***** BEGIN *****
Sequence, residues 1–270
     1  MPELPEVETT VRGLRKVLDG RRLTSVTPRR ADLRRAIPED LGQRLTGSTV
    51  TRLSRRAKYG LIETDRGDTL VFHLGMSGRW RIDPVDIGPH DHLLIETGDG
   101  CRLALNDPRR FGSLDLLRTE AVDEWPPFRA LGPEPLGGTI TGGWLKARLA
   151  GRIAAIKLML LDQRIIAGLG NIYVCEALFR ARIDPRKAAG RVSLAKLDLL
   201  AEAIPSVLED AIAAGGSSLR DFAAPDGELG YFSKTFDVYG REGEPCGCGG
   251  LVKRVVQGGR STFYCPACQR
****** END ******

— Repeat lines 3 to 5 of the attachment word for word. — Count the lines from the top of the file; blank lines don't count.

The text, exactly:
    51  TRLSRRAKYG LIETDRGDTL VFHLGMSGRW RIDPVDIGPH DHLLIETGDG
   101  CRLALNDPRR FGSLDLLRTE AVDEWPPFRA LGPEPLGGTI TGGWLKARLA
   151  GRIAAIKLML LDQRIIAGLG NIYVCEALFR ARIDPRKAAG RVSLAKLDLL